The woman in the Purple Skirt by Natsuko Imamura

The Woman in the Purple Skirt by Natsuko Imamura

Japanese fiction

Original title – Murasaki no sukaato no onna むらさきのスカートの女

Translator – Lucy North

Source – Library

I always love when you pop to the library and find a book you’ve seen online or somewhere that you think oh that sounds interesting and I know a title shouldn’t be a reason for reading a book but the title of this grabbed me and remind me of a silly evening with a friend when I was still at school with a top that may have been blue may have been purple anyway back to the book Natsuko Imamura has won the Dazai Osamu Prize and has been nominated for one of the biggest prizes in Japanese fiction The Akutagawa Prize on three occasions. So she is a respected writer this seems to be her first book to be translated into English but is actually her fourth novel. She is from Hiroshima and studying in Osaka. where she still lives.

The Woman in the Purple Skirt carried a single paper bag from the bakery. After seating herself on
her Exclusively Reserved Seat, which had just this minute been vacated, she opened up the bag and
drew out her purchase. The usual cream bun. It’s the kind of thing that is typically the subject of TV
street interviews. “What did you buy today?” the interviewer asks, stopping shoppers who are carrying bags with the bakery logo and thrusting the microphone in their faces. The soft white loaf and the cream bun are the most common answers. And my answer too would be “A cream bun!” if anyone were to ask me. The distinctive features? Well, I’d say the custard filling, which has to have just the right degree of stiffness, and the delicately thin surrounding dough. Then there’s the sprinkling of sliced almonds on top. That’s what makes that satisfyingly crisp sound when you take a bite.

She does this every day there is a sense of simmering anger or something in this I felt

This is a book about Obsession and also in a way stalking at the heart of the book is two women one watches the other the woman in the Yellow cardigan is watching the other woman as she watches the woman in the purple skirt we see a woman that seems to squeeze through the crowd streets. A woman of habit forms doing the same thing every day in her purple skirt. Observing her and noting her day as she seems to want to be in her world we are not told how in a way is it romantic or just the other woman seems more visible than her in the workplace.  but is only there for now as an observer of her stalker. There is an air around this habit of the woman in the yellow cardigan watching her isn’t at first explained leading you as a reader to put your own spin on it. it is an insight into a mundane world but why? why is this other woman watching her?

IT WAS THE WOMAN IN THE PURPLE SKIRT’S second day at work. Today she took the 8:02 bus, the one after the bus she took the day before. During the week, the bus comes every twenty minutes. The earlier bus gets you in with too much time to spare before the morning meeting. But the later one means you end up arriving late for work. The Woman in the Purple Skirt took the middle one, and punched in at 8:52.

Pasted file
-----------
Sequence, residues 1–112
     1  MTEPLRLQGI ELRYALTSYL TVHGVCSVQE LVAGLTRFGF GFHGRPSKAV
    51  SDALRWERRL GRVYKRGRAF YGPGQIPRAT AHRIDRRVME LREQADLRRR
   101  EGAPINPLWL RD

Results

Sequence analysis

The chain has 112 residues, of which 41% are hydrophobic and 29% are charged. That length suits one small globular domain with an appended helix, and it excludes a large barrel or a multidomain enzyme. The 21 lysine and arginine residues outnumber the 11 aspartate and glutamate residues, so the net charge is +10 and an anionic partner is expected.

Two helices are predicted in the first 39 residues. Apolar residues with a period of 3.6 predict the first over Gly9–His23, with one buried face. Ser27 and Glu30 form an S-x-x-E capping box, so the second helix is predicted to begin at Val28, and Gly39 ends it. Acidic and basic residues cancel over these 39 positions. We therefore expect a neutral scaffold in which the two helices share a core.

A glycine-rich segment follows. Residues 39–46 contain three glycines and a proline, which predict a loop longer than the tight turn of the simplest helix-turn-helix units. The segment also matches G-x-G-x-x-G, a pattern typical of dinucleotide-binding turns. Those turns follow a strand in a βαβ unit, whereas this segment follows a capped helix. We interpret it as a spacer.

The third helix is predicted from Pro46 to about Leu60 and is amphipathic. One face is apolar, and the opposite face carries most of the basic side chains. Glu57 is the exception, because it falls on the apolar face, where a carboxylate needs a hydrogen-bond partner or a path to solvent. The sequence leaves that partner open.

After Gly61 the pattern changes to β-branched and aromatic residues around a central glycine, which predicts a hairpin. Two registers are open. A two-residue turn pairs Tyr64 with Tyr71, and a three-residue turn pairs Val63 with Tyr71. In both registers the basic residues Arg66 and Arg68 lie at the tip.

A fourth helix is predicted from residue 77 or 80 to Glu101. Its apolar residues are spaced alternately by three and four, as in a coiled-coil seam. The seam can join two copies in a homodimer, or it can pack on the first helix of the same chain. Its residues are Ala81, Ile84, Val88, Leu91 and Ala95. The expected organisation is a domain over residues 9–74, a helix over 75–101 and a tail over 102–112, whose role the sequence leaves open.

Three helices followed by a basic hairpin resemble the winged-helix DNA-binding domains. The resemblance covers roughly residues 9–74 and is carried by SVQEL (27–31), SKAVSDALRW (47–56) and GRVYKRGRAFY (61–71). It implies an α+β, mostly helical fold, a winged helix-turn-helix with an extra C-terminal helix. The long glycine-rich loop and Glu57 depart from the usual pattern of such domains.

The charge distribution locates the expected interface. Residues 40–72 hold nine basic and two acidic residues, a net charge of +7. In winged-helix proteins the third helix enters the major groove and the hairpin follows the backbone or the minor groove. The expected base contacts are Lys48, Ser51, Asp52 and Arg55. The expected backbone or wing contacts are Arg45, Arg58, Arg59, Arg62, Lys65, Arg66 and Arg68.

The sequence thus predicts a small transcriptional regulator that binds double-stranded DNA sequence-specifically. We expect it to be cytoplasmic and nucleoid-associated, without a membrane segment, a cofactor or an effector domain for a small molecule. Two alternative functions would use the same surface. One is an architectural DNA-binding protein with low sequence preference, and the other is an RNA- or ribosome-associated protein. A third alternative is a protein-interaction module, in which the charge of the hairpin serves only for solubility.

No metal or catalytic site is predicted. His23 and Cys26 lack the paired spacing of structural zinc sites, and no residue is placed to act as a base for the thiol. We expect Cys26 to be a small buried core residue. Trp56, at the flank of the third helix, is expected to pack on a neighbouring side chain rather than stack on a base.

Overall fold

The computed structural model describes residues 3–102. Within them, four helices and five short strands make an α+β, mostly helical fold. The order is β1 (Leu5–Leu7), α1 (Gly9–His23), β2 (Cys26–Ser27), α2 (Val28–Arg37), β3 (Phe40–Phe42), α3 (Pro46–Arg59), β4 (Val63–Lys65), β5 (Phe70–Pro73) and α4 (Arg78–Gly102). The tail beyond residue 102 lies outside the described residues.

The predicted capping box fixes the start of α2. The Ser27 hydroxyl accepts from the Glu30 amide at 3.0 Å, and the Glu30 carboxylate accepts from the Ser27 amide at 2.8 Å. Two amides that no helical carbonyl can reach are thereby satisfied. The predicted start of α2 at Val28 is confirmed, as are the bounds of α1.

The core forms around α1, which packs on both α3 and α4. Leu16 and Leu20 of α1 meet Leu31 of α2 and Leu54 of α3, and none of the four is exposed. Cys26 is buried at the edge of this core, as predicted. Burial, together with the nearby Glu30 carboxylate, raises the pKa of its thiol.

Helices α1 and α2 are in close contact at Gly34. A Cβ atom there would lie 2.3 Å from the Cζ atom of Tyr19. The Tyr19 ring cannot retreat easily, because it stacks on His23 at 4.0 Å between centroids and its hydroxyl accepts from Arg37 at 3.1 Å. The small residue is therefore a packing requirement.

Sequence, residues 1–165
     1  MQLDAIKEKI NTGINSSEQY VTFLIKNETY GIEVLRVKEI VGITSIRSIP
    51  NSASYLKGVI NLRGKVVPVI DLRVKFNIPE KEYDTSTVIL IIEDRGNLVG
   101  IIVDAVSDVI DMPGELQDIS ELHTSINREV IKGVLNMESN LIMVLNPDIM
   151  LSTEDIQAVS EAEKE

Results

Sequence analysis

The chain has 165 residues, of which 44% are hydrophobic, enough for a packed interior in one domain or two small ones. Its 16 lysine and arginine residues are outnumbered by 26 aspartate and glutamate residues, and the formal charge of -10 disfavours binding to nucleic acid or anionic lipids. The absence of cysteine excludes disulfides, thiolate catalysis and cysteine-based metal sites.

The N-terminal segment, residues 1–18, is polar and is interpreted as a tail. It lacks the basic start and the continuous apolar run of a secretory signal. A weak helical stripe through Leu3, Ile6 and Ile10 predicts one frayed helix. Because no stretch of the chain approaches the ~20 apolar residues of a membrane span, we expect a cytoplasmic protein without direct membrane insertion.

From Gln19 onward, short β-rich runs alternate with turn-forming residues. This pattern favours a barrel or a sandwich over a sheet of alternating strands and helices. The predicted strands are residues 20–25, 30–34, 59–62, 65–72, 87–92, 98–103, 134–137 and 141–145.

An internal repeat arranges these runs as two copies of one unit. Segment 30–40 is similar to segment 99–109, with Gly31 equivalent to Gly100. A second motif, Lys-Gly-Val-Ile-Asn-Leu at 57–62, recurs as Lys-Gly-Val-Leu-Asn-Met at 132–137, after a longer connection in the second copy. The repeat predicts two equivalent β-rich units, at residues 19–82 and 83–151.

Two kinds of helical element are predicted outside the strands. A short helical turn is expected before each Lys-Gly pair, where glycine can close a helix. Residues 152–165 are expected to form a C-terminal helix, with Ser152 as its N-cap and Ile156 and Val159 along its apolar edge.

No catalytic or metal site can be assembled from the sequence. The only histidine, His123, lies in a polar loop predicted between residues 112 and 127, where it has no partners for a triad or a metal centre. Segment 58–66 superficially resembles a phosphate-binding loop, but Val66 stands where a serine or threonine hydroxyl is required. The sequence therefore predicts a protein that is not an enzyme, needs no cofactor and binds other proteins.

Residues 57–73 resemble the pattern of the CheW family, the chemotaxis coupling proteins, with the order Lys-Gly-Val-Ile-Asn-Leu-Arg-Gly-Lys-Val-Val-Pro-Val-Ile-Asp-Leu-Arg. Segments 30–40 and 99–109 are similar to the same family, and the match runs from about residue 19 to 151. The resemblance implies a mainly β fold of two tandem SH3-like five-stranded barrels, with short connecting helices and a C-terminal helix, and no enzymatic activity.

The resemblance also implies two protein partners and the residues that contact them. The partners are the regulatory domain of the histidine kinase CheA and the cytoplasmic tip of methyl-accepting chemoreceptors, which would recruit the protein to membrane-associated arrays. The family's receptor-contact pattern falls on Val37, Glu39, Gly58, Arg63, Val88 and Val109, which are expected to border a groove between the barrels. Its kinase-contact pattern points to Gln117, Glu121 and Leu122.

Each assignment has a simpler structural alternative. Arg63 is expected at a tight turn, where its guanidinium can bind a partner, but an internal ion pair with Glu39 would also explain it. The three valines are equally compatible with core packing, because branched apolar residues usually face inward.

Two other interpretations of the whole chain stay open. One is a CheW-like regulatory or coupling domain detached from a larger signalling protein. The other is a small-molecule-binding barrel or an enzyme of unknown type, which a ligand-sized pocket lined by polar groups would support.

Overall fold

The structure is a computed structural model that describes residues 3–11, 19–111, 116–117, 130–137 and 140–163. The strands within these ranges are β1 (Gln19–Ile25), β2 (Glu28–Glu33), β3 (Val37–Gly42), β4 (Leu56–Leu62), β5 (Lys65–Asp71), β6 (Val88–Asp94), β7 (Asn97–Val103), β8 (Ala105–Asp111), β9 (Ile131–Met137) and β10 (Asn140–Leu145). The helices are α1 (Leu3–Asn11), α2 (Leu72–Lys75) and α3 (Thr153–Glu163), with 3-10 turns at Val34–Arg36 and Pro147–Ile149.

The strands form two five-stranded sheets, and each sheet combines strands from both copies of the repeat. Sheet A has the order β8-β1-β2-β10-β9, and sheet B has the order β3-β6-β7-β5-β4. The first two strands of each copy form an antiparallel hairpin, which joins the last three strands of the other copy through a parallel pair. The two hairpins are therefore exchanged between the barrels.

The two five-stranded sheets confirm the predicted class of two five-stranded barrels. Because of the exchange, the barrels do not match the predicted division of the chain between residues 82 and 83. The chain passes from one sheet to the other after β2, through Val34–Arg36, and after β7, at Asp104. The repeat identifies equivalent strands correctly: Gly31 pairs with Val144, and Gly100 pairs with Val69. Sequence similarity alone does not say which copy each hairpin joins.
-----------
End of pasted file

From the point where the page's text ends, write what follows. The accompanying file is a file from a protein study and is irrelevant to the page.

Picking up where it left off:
This morning the Woman in the Purple Skirt delivered her greetings in a ringing voice. “Ohayo
gozaimasu!” she called out when she entered the office. And again, when she opened the door to the locker room: “Ohayo gozaimasul”

They seem to work together or in the same building as she watches her at work.

This book is unsettling at times it you are drawn into a voyeuristic enter the life of a voyeur watching the character. I was reminded of an episode of Lewis where the was a woman that had been watched her entire life. The woman in the purple skirt is on the surface an ordinary character in fact if anything very boring with the same habits day in and day out cream bun bench in the park. But this is what she enters us into so well in that mundane world of her life. The book has little to let you into what is happening you follow the woman and it isn’t too much later that events may be clear but this is one that will stick after you have read it dark in a way but also captures the creepiness of being stalked being watched every habit. But there is a sort of juxtaposing in between the two characters the child-like woman in the yellow cardigan seems to think she is invisible in the world she is in. this is why she has the connection to the woman in the purple skirts whom she sees as highly visible in her world everyone seems to see her and she sees how she moves through her life. Unsettling at times. This is part thriller, part obsessive fan and part just someone seeing into some else life and adding a narrative to it. Have you read this book? Lucy north has kept watch must have been the rhythm in the original book as you as a reader are drawn in bit by bit. A great choice for women in Translation month.

Winstons score – B would make a very creepy film at some point one would imagine.

3 Comments (+add yours?)

  1. Liz Dexter
    Aug 17, 2022 @ 09:57:00

    Ooh, that does sound enticing, I have to say!

    Reply

  2. kaggsysbookishramblings
    Aug 17, 2022 @ 19:29:23

    Sounds very interesting, Stu, and a good choice for WIT Month – will keep an eye out for it!

    Reply

  3. Trackback: That was the month that was August 2022 | Winstonsdad's Blog

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